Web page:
The aim here is not to provide an exhaustive timeline or bore you with a shopping list of acronyms some readers will probably be more familiar with, than me. The point I’m trying to make is that, given the sector has succeeded in building awareness of these issues at such an extent, the expectation would be for aid workers to receive adequate support. Yet, the statistics cited above – and many others I encountered during my brief online investigation on the issue – paint a different picture. So do the personal stories that lie behind the figures, like this former UNHCR employee who resigned after her request for mental health support during deployment remained unanswered or the testimonials of UN and NGO aid workers featured in this short documentary highlighting the disconnect between the support they needed and what was provided. Even when aid agencies and organisations establish wellness mechanisms “many aid workers find the care inadequate”. There are multiple reasons the response has often fallen short, but instead of entering this debate it makes more sense to ask ‘where to next’?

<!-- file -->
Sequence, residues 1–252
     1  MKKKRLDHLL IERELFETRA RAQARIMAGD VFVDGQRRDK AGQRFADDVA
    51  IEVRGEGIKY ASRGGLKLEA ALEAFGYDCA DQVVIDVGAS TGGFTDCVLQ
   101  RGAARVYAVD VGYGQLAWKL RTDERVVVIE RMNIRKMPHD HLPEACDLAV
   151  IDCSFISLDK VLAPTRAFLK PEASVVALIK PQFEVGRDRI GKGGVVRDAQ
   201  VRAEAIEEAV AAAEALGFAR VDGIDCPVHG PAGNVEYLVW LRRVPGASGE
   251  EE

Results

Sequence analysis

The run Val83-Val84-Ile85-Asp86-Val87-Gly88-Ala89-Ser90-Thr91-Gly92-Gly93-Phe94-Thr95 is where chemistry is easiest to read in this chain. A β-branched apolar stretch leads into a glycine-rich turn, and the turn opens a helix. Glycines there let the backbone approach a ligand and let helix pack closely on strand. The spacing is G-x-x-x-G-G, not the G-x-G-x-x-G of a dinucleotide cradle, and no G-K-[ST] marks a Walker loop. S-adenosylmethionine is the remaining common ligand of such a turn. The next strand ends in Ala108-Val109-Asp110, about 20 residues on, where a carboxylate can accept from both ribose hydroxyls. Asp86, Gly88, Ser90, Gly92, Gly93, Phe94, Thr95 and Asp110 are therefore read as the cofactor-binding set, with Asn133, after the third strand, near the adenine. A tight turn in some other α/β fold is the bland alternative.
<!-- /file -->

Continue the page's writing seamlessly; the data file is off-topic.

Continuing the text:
Exploring the way forward

As a word of caution to all of us concerned with the issue of aid worker wellbeing, it is important not to get caught up in the circle of criticism, but instead focus on working towards giving it the attention it deserves. Notwithstanding positive initiatives so far, sector-wide standards have been difficult to implement, and the focus has tended to be on treatment-based strategies.